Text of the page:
Gallatin HeadshotKim Phillips-Fein

Associate Professor

Gallatin School of Individualized Study and History Department, College of Arts and Sciences

New York University

Describe your current research. What about it drew your interest?

I’m actually between major research projects now, which is a nice though sometimes anxiety-provoking place to be!  I have been thinking about a lot of different topics–about the far right in the 1930s; about how to tell the history of the Great Depression in a way that is not triumphalist about the New Deal; about the transformation of the lived experience of political economy between the 1970s to the 1980s, especially the major strikes of that era (most of which ended in defeat for the unions involved) and the ways they reflected a fundamental conflict about the future of the country; about the political ideas of business executives going back into the 19th century, and the ways that their thinking has helped to shape a distinctive political tradition in the United States, one that is far more ambivalent about democracy than our mainstream political culture would suggest–but my energies are still dispersed.  I recently finished writing an essay for an edited volume about the contested history of the idea of neoliberalism, and this was fun because it allowed me to pull together some of the thoughts I had while working on Fear City. In general, I think that the current political situation informs my research interests. I am always trying to understand how and why the right is so powerful in this country, what kinds of voices get heard in political life, who is able to exercise power and how.

Describe what you are currently teaching. How does your teaching relate to your scholarship?

This year I taught one class on the history of ideas about American capitalism in the 20th century, one course which I called “The American Business Tradition: Entrepreneurs, Robber Barons, Salesmen and Frauds,” and one on the history of social movements of both the left and the right in the 20th century (this was co-taught with Linda Gordon). All these classes are in direct dialogue with my own thinking about my research, even though in my classes I always try to take as broad a view as possible, rather than teaching my own arguments (I never really like assigning my own work).  In my writing I try to think about how to put complex ideas into clear language and how to foreground my arguments without making them too simple; teaching is great practice for both of these, as well as a chance to listen to what college students think about history, politics and American society.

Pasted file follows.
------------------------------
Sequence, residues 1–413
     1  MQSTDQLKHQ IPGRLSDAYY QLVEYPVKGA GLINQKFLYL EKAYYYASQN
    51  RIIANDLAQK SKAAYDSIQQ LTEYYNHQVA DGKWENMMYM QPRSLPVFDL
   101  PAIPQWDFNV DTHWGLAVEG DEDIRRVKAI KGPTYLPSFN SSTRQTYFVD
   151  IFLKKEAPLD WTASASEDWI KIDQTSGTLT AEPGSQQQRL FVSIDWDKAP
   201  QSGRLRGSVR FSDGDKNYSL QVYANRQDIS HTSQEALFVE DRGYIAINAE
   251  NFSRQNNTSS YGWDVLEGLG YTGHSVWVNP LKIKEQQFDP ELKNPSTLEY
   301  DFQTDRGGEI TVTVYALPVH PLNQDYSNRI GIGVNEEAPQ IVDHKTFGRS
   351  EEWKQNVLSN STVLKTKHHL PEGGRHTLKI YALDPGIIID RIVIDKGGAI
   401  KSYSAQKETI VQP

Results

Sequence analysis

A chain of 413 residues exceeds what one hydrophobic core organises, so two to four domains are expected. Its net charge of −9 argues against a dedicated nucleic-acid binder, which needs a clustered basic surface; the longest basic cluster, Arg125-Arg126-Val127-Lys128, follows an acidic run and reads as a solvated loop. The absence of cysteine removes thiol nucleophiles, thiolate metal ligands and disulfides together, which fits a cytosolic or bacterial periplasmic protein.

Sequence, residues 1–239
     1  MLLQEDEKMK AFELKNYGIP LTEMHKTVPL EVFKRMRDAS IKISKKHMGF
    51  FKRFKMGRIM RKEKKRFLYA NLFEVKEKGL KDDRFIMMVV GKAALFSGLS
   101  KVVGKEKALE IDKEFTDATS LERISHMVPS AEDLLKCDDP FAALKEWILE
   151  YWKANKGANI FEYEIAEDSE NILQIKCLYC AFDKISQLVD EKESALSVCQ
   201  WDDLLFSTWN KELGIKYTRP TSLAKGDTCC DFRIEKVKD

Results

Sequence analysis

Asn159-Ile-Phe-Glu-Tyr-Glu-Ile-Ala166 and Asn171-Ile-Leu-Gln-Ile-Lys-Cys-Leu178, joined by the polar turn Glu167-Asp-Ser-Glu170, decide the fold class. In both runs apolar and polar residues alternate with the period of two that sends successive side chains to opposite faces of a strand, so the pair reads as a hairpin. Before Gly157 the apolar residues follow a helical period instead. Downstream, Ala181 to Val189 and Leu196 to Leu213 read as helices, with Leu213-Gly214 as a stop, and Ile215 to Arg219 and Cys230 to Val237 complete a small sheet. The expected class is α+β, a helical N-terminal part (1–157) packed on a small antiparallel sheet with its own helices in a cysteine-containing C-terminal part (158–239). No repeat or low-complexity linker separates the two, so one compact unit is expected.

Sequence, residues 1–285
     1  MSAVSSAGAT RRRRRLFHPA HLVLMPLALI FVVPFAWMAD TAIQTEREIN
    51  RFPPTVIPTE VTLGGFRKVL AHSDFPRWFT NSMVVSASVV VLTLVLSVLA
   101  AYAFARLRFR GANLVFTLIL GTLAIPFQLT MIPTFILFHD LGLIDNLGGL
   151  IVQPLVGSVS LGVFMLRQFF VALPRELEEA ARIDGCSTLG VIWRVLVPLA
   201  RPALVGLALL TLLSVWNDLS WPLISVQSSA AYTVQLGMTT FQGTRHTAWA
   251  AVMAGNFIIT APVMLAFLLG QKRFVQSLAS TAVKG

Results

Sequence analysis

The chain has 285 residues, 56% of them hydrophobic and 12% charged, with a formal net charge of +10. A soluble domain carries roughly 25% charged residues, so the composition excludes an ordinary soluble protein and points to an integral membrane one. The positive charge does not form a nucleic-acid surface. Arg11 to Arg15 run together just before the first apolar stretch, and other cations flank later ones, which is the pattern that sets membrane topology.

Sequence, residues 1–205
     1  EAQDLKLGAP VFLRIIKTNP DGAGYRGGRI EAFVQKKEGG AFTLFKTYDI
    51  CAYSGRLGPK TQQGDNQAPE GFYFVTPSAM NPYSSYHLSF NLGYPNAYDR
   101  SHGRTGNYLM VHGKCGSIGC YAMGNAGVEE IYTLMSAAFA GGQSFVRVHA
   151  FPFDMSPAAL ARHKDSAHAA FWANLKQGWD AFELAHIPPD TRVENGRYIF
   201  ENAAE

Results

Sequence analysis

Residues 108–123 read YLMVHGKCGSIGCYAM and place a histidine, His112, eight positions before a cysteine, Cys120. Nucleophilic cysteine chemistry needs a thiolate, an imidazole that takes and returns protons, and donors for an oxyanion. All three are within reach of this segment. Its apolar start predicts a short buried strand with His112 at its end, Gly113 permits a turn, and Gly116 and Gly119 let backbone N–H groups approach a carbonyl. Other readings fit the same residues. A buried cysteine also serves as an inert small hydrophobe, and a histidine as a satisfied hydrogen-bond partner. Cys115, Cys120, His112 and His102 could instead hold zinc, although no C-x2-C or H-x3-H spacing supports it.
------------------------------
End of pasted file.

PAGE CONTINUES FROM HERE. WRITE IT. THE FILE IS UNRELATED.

What recent or forthcoming publications are you excited about, either of your own or from other scholars?

There’s always so much I am looking forward to reading at the end of the semester!  One book I’m especially looking forward to is Stacie Taranto’s Kitchen Table Politics, about conservative women in New York State. I’m also excited about Keisha Blain’s Set the World on Fire: Black Nationalist Women and the Global Struggle for Freedom, as well as Michael Honey’s recent To the Promised Land, which is about Martin Luther King, Jr., and his longstanding commitment to economic justice. I’ve also been looking forward to LaDale Winling’s Building the Ivory Tower: Universities and Metropolitan Development in the Twentieth Century, as I think about the efforts of cities to adapt to the loss of industry in the 1970s and after.

What advice do you have for young scholars preparing themselves for a career related to urban history or urban studies? 

Always let yourself become deeply engaged by the city you’re writing about. Spend lots of time walking around it, observing it, traveling it. Don’t just work in the archives, but try to let your work there go along with an immersion in the present life of the place whose history you’re exploring.  If it is your home town, think of ways to make it appear strange and new to you, and if it is a new city, try to talk to the people who have lived there all their lives.

Your book, Fear City, is one of the most frequently referenced publications on The Metropole! It has clearly been an influential and useful resource for urban historians. Looking back on your career so far, what book or article most influenced you and the questions you have asked about the past?

While it’s hard to pick a single book, Josh Freeman’s Working-Class New York: Life and Labor Since World War II was the most important work for me as I was thinking about Fear City, in that it emphasized the distinctive nature of postwar New York and the unusual style of liberalism that existed in the city.  More generally, for thinking about urban history, both Jefferson Cowie’s Capital Moves and Thomas Sugrue’s Origins of the Urban Crisis were very important for me–they both suggested the importance of exploring the internal dynamics within cities while also seeing them as part of larger systems of power. Both books show that what we think of as the problems of cities are in many ways simply the problems of inequality, as they play out in a specific geographical space.

Member of the Week: Mason Williams

WilliamsMason Williams

Assistant Professor of Leadership Studies and Political Science